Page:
CBP and MWAA Partner to Speed Up International Departures and Arrivals by Adding Facial Recognition Technology
WASHINGTON—U.S. Customs and Border Protection (CBP) and Metropolitan Washington Airports Authority (MWAA) announced today joint efforts to implement facial recognition technology to transform the traveler experience for both departing and arriving international travelers at Dulles International Airport (IAD).
“CBP and our airport and airlines partners are redefining travel by using biometric technology to add convenience, efficiency and security to international arrivals and departures,” said CBP Commissioner Kevin McAleenan. “We have a great partner in Metropolitan Washington Airports Authority, whose forward-leaning approach to utilizing CBP’s verification system will enable international travelers at Dulles International Airport to experience a frictionless boarding process before the end of the year.”
“We designed this technology to be deployed faster and offer a portable, flexible and less expensive alternative than other biometric screening systems that have been introduced,” said Metropolitan Washington Airports Authority President and CEO Jack Potter. “In addition to helping meet the congressional mandate, we hope this technology becomes a useful and cost-effective tool for airports and airlines that process the growing number of travelers entering and leaving the United States.”
CBP uses airline manifest data to retrieve existing traveler photographs from government databases, including passports and visas, to build a photo gallery of travelers who are expected to arrive and depart the United States. CBP then compares the “live” photographs of travelers taken with those that are already on file in DHS holdings. No new data is required.
Currently, CBP is testing biometric exit at 15 major airports across the United States. The facial recognition verification process takes less than 2 seconds, with a 99 percent matching rate. CBP has been testing facial recognition technology to satisfy its biometric exit Congressional mandate.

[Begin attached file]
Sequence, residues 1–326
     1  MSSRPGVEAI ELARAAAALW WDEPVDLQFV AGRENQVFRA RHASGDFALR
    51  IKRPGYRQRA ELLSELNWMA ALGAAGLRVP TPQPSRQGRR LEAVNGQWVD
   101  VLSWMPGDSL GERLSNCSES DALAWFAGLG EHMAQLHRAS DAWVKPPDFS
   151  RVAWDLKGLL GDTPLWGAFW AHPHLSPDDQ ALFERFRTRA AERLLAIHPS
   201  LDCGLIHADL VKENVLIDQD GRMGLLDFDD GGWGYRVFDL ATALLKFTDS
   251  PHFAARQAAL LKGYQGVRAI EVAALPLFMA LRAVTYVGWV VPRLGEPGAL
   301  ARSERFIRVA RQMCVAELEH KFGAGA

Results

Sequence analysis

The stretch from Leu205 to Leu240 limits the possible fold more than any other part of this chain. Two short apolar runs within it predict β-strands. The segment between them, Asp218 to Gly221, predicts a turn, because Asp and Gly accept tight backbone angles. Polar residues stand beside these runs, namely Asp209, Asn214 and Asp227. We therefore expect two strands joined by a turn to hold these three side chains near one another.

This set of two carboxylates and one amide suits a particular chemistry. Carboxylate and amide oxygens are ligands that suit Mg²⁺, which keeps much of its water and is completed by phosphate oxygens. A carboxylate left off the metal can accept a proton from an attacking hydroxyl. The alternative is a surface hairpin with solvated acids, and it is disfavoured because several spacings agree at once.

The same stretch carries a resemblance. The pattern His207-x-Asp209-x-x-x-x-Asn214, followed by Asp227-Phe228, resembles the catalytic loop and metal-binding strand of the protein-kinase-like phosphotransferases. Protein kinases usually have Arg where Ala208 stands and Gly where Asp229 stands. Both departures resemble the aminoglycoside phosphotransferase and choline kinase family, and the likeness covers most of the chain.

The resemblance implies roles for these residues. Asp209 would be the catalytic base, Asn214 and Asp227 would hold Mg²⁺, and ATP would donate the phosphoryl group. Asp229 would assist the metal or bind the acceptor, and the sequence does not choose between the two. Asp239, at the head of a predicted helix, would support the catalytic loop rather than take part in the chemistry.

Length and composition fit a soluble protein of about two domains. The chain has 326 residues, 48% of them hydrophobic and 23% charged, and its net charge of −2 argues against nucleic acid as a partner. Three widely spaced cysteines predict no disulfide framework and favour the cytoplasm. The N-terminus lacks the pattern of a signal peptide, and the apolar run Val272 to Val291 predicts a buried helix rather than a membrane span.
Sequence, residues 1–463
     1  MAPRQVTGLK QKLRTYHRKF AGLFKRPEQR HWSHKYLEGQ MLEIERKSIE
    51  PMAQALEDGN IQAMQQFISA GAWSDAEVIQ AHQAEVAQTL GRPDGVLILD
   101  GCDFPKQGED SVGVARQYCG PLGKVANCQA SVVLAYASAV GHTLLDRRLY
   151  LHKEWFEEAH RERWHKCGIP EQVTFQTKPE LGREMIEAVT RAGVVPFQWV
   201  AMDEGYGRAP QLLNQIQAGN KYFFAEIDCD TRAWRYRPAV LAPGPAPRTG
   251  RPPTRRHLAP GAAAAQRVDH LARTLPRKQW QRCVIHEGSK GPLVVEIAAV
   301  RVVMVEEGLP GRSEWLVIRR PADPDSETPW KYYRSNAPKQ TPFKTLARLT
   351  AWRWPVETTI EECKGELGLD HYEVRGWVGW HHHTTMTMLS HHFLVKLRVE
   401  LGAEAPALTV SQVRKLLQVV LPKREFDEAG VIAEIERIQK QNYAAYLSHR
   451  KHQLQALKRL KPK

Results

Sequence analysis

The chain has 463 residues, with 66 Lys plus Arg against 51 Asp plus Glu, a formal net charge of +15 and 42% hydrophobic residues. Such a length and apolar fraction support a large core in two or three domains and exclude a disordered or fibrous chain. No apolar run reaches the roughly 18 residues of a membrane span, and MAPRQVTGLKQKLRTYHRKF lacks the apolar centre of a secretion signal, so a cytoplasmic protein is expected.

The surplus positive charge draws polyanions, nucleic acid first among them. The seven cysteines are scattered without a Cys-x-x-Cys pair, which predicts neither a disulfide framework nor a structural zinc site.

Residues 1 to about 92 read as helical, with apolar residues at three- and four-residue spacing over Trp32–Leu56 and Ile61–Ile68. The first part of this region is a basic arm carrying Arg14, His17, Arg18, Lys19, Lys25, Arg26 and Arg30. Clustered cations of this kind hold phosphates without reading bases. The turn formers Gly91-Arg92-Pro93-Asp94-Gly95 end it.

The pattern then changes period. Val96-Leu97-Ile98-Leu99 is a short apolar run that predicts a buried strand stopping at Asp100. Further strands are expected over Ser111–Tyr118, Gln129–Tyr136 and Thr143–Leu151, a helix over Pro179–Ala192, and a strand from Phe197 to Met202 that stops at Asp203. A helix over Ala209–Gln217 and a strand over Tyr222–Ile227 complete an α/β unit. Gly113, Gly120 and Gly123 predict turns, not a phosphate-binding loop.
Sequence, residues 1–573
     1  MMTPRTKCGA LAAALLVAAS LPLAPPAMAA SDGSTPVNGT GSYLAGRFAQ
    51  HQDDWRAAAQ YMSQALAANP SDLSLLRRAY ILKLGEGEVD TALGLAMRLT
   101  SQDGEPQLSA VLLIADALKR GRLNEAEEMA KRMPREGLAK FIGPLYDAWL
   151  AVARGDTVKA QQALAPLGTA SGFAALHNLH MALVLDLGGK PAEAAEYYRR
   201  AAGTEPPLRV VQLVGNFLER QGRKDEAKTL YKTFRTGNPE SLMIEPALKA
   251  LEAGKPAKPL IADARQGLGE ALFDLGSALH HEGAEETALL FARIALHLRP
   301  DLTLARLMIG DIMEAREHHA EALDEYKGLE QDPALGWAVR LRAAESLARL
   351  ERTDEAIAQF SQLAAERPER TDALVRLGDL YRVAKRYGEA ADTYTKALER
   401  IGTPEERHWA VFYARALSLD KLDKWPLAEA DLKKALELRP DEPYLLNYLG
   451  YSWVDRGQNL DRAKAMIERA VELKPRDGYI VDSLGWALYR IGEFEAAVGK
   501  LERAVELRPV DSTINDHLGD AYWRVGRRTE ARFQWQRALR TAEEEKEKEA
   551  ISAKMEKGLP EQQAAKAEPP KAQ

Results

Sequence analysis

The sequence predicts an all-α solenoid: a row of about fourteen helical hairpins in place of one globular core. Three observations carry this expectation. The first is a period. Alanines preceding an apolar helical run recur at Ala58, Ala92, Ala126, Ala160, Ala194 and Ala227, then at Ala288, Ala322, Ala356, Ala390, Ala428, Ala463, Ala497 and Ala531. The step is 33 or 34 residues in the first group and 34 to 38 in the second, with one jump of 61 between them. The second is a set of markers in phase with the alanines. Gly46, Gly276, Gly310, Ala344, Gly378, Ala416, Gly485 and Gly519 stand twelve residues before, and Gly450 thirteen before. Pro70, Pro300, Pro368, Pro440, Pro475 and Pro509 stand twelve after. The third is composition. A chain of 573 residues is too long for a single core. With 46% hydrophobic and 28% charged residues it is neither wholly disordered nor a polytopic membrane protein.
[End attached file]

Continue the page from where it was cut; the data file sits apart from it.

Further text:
CBP has also implemented facial comparison technology for arrival processing at 14 locations. The new simplified arrival process enables increased security, faster throughput, and better efficiency.
On August 22, CBP officers utilizing the facial recognition technology intercepted an imposter at IAD that was attempting to enter the United States using a French passport. A search revealed the man’s authentic Republic of Congo identification card concealed in his shoe. This was the first imposter intercepted using this technology.
CBP is committed to its privacy obligations and has taken steps to safeguard the privacy of all travelers. CBP has published several Privacy Impact Assessments, employed strong technical security safeguards, and has limited the amount of personally identifiable information used in the new biometric process.
In addition to IAD, CBP has facial recognition operations in Atlanta, Boston, Chicago O’Hare, Detroit, Fort Lauderdale, Houston (Intercontinental and Hobby), Las Vegas, Los Angeles, Miami, New York JFK, Orlando, San Diego, San Francisco, San Jose, Seattle, and Preclearance locations in Aruba, Abu Dhabi, and Ireland (Shannon and Dublin).
CBP also has partnerships with Air New Zealand, British Airways, Delta, Greater Orlando Aviation Authority, Jet Blue, Los Angeles World Airport, Lufthansa, and Mineta San Jose International Airport and will continue to expand public-private partnerships to advance biometric exit and enhance the passenger experience from curb to gate.
U.S. Customs and Border Protection is the unified border agency within the Department of Homeland Security charged with the management, control and protection of our nation's borders at and between the official ports of entry. CBP is charged with keeping terrorists and terrorist weapons out of the country while enforcing hundreds of U.S. laws.